VOTF will continue to join our voices with NCR’s to proclaim that “until that culture changes, children will remain in harm’s way within this church.”
Marie Collins’ resignation today from Vatican commission is a blow to the Church’s child protection efforts
Voice of the Faithful is disheartened at Marie Collins’ resignation today from the Vatican’s Pontifical Commission for the Protection of Minors. The lone clergy abuse survivor left on the commission she expressed her frustration at the inability of the commission to move the Catholic Church to more universal and effective child protection measures and healing from its clergy sexual abuse scandal.
VOTF has known Collins to be dedicated to the protection of minors and a stalwart force against the Church’s intransigence in addressing clerical sex abuse. As the featured speaker at VOTF’s 2015 National Assembly, she expressed great hope in the Commission’s work and a willingness to be patient while the church worked to implement child protection measures globally. She also has supported VOTF’s Broken Vessels™ Healing Circles that offer a path towards healing for abuse victims/survivors.
“Marie Collins is strong, courageous, and persistent,” said Donna B. Doucette, VOTF executive director. “If she has lost hope because the Vatican bureaucracy is thwarting progress on child protection, Pope Francis should respond by firing all the Curia department staff who refuse to implement or delay programs that protect children. The Church cannot ignore modern-day prophets like Marie and still claim to care about removing clerical sex abusers.”
In announcing her resignation, Collins expressed dismay at the Commission’s progress, saying, “I believe the setting up of the Commission, the bringing in of outside expertise to advise him (Pope Francis) on what was necessary to make minors safer, was a sincere move. However, despite the Holy Father approving all the recommendations made to him by the Commission, there have been constant setbacks. This has been directly due to the resistance by some members of the Vatican Curia to the work of the Commission.”
Voice of the Faithful®: Voice of the Faithful® is a worldwide movement of faithful Roman Catholics working to support survivors of clergy sexual abuse, support priests of integrity and increase the laity’s role in the governance and guidance of the Church. More information is at www.votf.org. Contact: Nick Ingala, firstname.lastname@example.org, 781-559-3360
Just as the Israelites were about to enter the Promised Land, God sent them back into the wilderness, to roam there for 40 years and learn what really matters: God’s faithful love and word. They were to become vessels “for lofty use, dedicated, beneficial for the master of the house, ready for every good work.” (2 Timothy 2:21)
The 40-day Lenten season is our wilderness, our time for introspection, and Voice of the Faithful has prepared several Lent reflections. Each Reflection web page will offer you a reflection, a list of liturgical readings, and links to liturgical readings on the USCCB website. You will be able to go back and forth through the Reflections by using links at the bottom each Reflection web page.
We hope you will find these reflections helpful as you prepare to enter the peace of our risen Lord on Easter morning.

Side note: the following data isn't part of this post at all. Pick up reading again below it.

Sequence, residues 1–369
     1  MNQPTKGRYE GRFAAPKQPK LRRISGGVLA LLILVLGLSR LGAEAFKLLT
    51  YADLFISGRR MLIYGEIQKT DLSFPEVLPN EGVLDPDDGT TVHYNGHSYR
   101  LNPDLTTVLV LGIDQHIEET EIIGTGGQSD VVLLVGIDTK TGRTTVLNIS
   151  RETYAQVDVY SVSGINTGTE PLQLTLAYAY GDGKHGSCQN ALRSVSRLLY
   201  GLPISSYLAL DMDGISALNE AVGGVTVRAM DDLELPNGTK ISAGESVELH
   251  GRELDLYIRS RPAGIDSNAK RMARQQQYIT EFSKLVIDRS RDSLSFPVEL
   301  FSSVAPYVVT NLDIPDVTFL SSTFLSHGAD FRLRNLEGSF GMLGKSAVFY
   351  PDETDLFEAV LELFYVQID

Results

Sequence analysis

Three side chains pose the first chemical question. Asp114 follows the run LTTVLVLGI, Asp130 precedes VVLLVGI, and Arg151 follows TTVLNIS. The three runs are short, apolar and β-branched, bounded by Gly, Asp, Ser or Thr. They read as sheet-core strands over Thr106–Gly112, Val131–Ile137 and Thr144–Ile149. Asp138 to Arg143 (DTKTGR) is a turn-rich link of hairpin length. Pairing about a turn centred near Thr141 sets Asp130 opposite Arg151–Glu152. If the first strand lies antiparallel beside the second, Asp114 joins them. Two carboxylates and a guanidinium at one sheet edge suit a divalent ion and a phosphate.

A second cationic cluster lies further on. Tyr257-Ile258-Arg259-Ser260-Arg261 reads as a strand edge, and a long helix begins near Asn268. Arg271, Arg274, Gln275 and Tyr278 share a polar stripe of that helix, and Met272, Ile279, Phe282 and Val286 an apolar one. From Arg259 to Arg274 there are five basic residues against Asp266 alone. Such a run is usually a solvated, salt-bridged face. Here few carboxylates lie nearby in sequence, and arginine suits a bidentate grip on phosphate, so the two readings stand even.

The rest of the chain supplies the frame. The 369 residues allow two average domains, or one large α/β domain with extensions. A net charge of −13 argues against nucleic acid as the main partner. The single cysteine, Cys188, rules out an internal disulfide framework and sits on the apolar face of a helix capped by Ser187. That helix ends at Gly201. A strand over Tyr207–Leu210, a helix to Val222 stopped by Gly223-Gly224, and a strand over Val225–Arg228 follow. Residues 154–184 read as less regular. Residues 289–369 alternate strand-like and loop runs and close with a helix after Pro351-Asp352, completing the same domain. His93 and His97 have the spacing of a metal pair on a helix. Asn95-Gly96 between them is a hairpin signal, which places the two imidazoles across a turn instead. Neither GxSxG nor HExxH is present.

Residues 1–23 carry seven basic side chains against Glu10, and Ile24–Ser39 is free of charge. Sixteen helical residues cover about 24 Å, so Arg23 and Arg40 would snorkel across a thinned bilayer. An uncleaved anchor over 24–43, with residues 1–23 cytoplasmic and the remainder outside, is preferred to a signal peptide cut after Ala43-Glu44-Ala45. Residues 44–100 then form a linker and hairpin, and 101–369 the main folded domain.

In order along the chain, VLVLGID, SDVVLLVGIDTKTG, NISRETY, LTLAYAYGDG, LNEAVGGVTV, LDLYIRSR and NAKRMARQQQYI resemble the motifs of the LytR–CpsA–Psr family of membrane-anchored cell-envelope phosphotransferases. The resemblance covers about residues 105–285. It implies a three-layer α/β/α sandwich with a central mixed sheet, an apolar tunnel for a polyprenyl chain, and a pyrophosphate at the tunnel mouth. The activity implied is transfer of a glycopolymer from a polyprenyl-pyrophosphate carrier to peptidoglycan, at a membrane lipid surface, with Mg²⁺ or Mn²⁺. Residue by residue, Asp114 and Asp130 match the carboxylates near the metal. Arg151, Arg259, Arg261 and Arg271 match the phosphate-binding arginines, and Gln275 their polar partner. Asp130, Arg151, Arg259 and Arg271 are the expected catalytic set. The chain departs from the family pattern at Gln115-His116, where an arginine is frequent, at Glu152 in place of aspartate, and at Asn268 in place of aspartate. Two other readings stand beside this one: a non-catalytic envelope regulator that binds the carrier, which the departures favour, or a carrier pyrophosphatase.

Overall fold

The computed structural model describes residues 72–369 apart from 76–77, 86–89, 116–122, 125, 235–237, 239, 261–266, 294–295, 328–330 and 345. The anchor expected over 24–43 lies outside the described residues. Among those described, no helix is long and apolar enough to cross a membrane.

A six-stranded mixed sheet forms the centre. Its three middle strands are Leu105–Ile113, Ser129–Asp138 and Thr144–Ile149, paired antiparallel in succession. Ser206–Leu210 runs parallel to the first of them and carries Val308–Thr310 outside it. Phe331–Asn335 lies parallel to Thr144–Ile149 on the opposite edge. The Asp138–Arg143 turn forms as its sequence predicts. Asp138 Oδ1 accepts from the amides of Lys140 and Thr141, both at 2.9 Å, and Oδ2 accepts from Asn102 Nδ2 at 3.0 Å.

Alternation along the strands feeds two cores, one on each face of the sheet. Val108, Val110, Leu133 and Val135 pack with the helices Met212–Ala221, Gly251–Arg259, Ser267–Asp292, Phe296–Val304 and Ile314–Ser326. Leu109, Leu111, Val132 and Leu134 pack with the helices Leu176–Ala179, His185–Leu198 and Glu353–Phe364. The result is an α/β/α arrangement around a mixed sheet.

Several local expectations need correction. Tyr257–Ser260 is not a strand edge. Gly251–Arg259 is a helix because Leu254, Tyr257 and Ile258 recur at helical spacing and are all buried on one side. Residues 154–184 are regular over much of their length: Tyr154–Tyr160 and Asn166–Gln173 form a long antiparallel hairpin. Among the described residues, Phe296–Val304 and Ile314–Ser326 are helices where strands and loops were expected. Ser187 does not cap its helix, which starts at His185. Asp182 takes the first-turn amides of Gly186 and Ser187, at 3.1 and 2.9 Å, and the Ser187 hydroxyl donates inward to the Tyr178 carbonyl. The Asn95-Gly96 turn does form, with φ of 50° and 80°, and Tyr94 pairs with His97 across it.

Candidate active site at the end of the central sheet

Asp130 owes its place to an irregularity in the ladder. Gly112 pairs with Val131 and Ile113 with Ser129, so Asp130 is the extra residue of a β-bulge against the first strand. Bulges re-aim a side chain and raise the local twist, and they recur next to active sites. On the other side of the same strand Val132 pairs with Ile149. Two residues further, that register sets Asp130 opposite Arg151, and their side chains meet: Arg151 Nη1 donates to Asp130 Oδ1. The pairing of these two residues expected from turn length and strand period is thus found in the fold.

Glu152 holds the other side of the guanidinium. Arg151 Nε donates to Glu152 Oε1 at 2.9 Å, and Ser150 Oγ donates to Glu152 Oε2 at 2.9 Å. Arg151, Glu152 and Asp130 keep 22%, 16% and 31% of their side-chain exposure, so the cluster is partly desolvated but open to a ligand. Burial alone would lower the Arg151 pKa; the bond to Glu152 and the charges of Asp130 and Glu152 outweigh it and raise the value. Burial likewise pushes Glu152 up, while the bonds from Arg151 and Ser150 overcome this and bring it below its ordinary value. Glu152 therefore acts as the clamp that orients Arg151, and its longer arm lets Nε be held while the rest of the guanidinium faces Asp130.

We are especially grateful to those who so generously shared their reflections with us so that we could bring them to you: Priscilla Deck, Mary Freeman, Pat Gomez, Margaret Roylance, and Susan Vogt.
Clergy abuse victim, Marie Collins, has resigned from the Vatican’s child protection body as of today
Voice of the Faithful knows Marie Collins to be dedicated to the protection of children from clergy sexual abuse and the healing of abuse victims/survivors. That she has decided to resign from the Vatican’s Pontifical Commission for the Protection of Minors shows how extremely frustrating the Catholic Church’s resistance to accountability and healing from the scandal has been. In an article in The Irish Times today she said it has been “just shocking to me that in 2017 I can still come across these defensive, inflexible attitudes in men of the church, the same attitudes I saw 20 years ago when I was trying to bring my own case to justice here in Dublin. That’s what’s really the most shocking.”
Opinions differ over how Pope Francis is handling the Church’s clergy sexual abuse scandal. But setting aside questions of mercy vs. justice as debated in a recent Associated Press story, we think that some of the most problematic comments come in the story’s last paragraph:
“Francis scrapped the commission’s (Pontifical Commission for the Protection of Minors) proposed tribunal for bishops who botch abuse cases following legal objections from the congregation (Congregation for the Doctrine of the Faith). The commission’s other major initiative — a guideline template to help dioceses develop policies to fight abuse and safeguard children — is gathering dust. The Vatican never sent the template to bishops’ conferences, as the commission had sought, or even linked it to its main abuse-resource website.”
You can click here to read the rest of the Associated Press’ story.
‘Criminally negligent’: Catholic archbishops criticize church’s handling of abuse scandal / The Guardian
Australia’s most senior Catholic leaders have conceded that the church’s handling of the child sexual abuse crisis was ‘hopelessly inadequate,’ had catastrophic consequences, and amounted to ‘criminal negligence.’
“Five of Australia’s metropolitan archbishops appeared before the child abuse royal commission on Thursday (Feb. 23), asked to explain how the church had allowed the abuse of at least 4,444 children between between 1980 and 2015.
“Perth archbishop, Timothy Costelloe, said a major cause of the abuse complaints and the abysmal response to complaints was the leadership’s belief in the ‘untouchability of the church,’ which filtered down to bishops and priests.
“‘The church in a sense saw itself as a law unto itself; that it was somehow or other so special and so unique, and in a sense so important, that it stood aside from the normal things that would be a part of any other body,’ Costelloe said.”
By Christopher Knaus, the Guardian — Read more …